Length: 286 pages
My rating: 3 out of 5 stars
An expert consultant for the FBI, Leopold Blake has seen more than his share of crimes and crime scenes. So when he’s called in to look at the supposed suicide of a Senator, he doesn’t take long to conclude that suicide was not the cause of death. Looking at the body of the third Senator to be murdered in three weeks, Blake knows that his weekend plans were not going to work out – not when there is a serial killer out there; and one who is good enough at making murders look like suicide to be a specialist. Then there’s the case of the high profile kidnapping that seems to be for reasons other than ransom… and the rising number of dead bodies.
Blake knows something is wrong, and he knows that it’s only going to get worse. The only thing he’s not sure of is what he’s getting himself into. Within hours, Blake is running from an unknown enemy, one who won’t stop until Blake is dead. Blake and his team made of a beautiful cop and a dedicated bodyguard need to get to the bottom of the chaos before their enemy wins – because his victory means complete mayhem… and certain death.
Panic comes with a tagline of sorts – A Leopold Blake Thriller. There is only one problem with that though; the book isn’t all that much of a thriller.
The good points of Panic include a more than decent story line, a good mix of characters, and some really detailed action sequences that leave you feeling like you’re watching a movie. Unfortunately, even the good points couldn’t really hold up the book or make it very thriller like.
While the story is not bad, it’s not exactly innovative or out of the blue either. It’s quite predictable and doesn’t have enough oomph to be called a thriller. A mystery, maybe, or even crime fiction. People are dying and we need to know why, but that’s not really enough to call it a thriller. The reason I’m harping on that particular point is because I picked up the book mainly because it was a crime thriller, which one of my favorite genres. And on that front, it was disappointing.
But, I got over it and decided to enjoy the book as a mystery, which worked to making it a better read. Overall, there’s nothing too wrong with the book. But there are some things that come out glaring at you, one of which was the lack of character depth. Somehow, you read the book and look at everything from the various characters’ perspectives, but don’t really associate with them. This problem existed mainly with Blake himself.
The good thing about Blake was that he wasn’t some sort of can-never-be-defeated protagonist. He has weaknesses, and that’s why he has a bodyguard. But what skills he may lack in self defense, he makes up in logic and observation – or at least, he’s supposed to. Blake is introduced in a Sherlock-esque manner, seeing that which the best law officials cannot. That is why he’s an expert consultant. But then, he goes and makes the stupidest mistakes and lapses in judgment that even a rookie detective on his first case wouldn’t. So while I have no problem with the fact that he needs his bodyguard for the action, has the best team that money can buy at his beck and call for all the techie stuff (instead of being a whiz kid at absolutely everything himself), and needs the assistance of a cop too, I simply cannot understand why he would mess up on the one front that’s working for him. That, in my mind, is weak character development. You can’t really take the one advantage your protagonist has and then conveniently forget all about it so that certain things can unfold, just to make the story move ahead. Stephenson could have found ten different ways to make the same thing happen without making it seem like his star’s one strength came and went as it pleased. Convenience and luck don’t really add much depth or interest to any story.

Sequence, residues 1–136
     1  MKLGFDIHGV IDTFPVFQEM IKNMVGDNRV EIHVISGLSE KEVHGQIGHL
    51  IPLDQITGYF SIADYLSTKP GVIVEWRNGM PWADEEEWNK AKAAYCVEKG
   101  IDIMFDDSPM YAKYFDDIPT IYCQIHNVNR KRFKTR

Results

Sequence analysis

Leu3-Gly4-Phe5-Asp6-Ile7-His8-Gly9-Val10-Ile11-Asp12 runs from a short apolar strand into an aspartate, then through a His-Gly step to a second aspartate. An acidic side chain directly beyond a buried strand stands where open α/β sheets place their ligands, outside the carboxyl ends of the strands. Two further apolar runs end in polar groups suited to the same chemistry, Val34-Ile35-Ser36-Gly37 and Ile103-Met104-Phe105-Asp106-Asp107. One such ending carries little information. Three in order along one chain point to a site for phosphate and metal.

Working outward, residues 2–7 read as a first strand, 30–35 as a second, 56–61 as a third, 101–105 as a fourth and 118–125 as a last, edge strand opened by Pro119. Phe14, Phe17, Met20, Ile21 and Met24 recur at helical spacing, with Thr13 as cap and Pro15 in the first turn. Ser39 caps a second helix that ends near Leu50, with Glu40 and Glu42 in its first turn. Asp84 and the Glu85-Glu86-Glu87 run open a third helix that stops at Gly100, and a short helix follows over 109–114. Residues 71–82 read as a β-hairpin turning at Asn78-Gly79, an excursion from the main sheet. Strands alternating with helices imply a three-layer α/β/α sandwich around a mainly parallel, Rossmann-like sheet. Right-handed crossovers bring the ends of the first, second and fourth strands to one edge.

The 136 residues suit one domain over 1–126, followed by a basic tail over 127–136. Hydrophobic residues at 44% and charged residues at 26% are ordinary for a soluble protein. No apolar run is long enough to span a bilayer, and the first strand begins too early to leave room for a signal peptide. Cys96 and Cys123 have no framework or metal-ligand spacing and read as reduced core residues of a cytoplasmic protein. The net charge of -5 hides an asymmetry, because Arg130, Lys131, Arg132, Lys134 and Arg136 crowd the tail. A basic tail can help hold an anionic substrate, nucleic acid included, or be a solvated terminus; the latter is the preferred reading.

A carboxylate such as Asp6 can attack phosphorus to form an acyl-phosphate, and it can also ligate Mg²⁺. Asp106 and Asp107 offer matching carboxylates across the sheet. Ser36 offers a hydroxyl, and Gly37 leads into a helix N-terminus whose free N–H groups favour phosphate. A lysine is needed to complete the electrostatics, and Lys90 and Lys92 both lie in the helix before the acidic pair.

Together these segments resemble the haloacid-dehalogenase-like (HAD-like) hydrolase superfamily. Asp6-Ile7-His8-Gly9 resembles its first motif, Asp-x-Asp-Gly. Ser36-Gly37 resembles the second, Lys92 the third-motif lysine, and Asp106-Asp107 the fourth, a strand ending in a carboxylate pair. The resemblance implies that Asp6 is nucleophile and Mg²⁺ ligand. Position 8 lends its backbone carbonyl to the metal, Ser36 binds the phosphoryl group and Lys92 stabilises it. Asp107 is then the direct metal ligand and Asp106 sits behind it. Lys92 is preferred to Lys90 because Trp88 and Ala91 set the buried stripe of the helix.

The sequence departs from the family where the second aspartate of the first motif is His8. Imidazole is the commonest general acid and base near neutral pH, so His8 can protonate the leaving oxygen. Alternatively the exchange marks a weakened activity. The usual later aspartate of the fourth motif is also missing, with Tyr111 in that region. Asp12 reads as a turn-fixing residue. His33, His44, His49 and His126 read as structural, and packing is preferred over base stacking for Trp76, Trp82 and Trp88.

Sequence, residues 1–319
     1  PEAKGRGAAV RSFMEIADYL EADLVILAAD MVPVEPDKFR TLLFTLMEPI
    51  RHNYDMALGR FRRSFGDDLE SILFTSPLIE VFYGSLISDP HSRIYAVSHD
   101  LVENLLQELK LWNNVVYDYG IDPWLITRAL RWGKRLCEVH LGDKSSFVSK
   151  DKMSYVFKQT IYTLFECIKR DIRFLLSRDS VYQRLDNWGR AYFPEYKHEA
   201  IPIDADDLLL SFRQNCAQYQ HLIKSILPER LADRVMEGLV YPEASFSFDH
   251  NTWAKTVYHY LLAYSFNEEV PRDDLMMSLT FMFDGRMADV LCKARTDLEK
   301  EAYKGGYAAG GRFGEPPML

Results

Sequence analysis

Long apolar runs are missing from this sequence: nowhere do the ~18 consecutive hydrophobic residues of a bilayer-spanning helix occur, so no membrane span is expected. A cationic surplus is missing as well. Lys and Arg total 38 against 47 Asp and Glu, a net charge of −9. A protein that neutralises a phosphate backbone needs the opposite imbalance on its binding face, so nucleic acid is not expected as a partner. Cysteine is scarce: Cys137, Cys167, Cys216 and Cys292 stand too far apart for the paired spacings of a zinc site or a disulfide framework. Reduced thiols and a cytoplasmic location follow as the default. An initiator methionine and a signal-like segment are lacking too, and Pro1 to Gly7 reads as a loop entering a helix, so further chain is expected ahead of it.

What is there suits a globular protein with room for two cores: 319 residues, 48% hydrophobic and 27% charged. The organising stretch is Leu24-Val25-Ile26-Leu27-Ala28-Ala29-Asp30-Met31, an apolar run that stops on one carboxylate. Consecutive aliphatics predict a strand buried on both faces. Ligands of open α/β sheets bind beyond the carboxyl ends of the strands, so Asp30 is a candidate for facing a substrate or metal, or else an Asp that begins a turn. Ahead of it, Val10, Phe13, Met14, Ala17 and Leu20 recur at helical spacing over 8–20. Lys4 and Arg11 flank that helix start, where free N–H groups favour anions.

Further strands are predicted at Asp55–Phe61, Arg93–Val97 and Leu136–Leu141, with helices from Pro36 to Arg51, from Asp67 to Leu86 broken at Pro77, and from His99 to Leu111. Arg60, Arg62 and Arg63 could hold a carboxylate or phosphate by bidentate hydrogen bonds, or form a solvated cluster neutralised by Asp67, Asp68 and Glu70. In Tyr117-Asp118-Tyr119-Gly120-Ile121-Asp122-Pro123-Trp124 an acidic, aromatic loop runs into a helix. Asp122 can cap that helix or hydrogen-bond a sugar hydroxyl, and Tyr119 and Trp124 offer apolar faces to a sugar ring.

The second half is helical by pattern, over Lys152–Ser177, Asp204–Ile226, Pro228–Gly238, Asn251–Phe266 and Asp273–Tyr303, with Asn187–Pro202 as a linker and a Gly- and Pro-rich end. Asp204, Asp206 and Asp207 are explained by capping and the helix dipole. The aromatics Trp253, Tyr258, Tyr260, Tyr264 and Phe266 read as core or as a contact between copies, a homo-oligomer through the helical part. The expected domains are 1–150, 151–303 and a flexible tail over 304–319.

The remaining characters, while interesting, were not enough to keep you gripped at all times. Throw in some awkward moments of emotion that pop out randomly and without warning, and disappear just as quickly, and you have a pretty odd style of writing that doesn’t aid in making the book enjoyable. The only parts that seem to have been written with a lot of dedication and interest are the action sequences. At one point though, that just got strenuous to read, especially given the lack of depth in too many other places.
But even with all those problems, here’s the thing – the book, story, and writer have potential. And clearly, the book has been appreciated because Stephenson carried out the original plan of making Blake a recurring character. From what I’ve read, the characters get better as the stories progress. Panic ends with the hint (a really large one) of a sequel and a story that is connected. So, in spite of all that problems, I am going to read some of the other books in the series, because at the end of the day, it’s not so bad that you want to never look at it again.
All in all, Panic has some things going for it and many against. It is fast paced and does move along well, even if it doesn’t grip you from the get go and make you feel like you can’t get up without finishing it. If you want to read a crime thriller with lots of twists and turns, a book that you just can’t keep down, then this isn’t the book for you. But if you like mysteries in general and just want a relatively easy read that you can go through without thinking too much and at your own pace, Panic is an option you can consider.